As a coach and committed Agile Evangelist, I spend most of my time convincing the software organization that they are actually part of the business. In this role, I also help with interpretations of Software / Technical jargon to business speak. Here are 5 of my favorite IT Director phrases: We are going to make the date at all cost. Refining requirements with business partners is bureaucratic and slow. It is up to the Operational team to clean up the process. We will work with DevOps to smooth out deployments. This new technology will speed up delivery once we re-write…read more
Adopting agile is never about adopting agile practices. It’s not even about adopting an agile culture. While those things are important, if you don’t achieve better business outcomes, adopting agile is not worth the investment. Your journey toward greater business agility starts by identifying what outcomes are most important to your company’s success. This knowledge helps you lay a foundation for making decisions about how to tailor your approach and guide your transformation to measurably show progress toward your critical business objectives.
Agile tends to focus on adaptability, but predictability is most often cited as the reason for an agile transformation.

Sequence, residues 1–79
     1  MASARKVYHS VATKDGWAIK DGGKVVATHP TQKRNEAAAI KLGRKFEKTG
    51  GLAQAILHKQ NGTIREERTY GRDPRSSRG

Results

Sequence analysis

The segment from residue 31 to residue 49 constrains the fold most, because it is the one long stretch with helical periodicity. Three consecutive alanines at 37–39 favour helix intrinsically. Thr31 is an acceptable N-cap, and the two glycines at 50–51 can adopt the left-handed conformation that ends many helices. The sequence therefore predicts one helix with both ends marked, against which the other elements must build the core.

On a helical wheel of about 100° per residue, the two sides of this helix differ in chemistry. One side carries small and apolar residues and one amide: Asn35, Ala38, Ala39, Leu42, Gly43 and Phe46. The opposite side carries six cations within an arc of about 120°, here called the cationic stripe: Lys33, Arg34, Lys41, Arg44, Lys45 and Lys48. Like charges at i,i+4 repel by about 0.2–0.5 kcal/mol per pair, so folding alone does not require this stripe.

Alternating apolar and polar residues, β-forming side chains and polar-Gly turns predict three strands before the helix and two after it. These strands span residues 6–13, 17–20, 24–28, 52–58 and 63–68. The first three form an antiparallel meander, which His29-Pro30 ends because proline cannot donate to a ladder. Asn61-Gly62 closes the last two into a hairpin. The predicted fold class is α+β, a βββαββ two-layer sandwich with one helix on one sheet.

As organizations scale, product quality often suffers. Agile focuses on quality from requirements through implementation.
Many organizations struggle with 18 month delivery cycles. Agile helps your team accelerate time to market and revenue.
Cost savings are tough to promise, but agile can help make sure you are only spending money on the features most likely to generate revenue.
As companies grow sometimes they slow down and lose the ability to innovate. Agile can help you get back your competitive edge.
Delivering on time is only important if you are delivering the right product. Agile can help you get the feedback you need.
We start by helping you take a look at what your company values from a planning perspective and comparing that against what your customer values from a delivery perspective. Organizations often find themselves operating in ways that don’t align with the goals of their customers. They might try to adopt agile to get things in sync, but end up out of alignment with how the rest of their company does business. Getting everyone working together is a process that can be planned and executed with clearly defined goals and measurable outcomes.
Far too often agile is sold as a predefined set of roles, artifacts, and ceremonies, and when those roles, artifacts, and ceremonies don’t work in your organization, it’s somehow your fault. The problem is that adopting agile is more about creating the conditions for agile to thrive rather than simply teaching people a new process or a new way of thinking. Adopting agile is about forming teams, building backlogs, and regularly producing working tested product increments. Transformation is about systematically removing barriers to making that happen.
Making the journey involves defining a team based organizational structure, a governance model to coordinate value, and a metrics strategy to guide and shape your transformation activities. We help you craft a pilot approach to exercise the structure, validate the framework, and challenge any assumptions made during planning. Metrics guide and inform our progress and help to shape the remainder of the transformation. Finally, we prepare your team with the knowledge and skills necessary to sustain the changes after our consultants have moved on.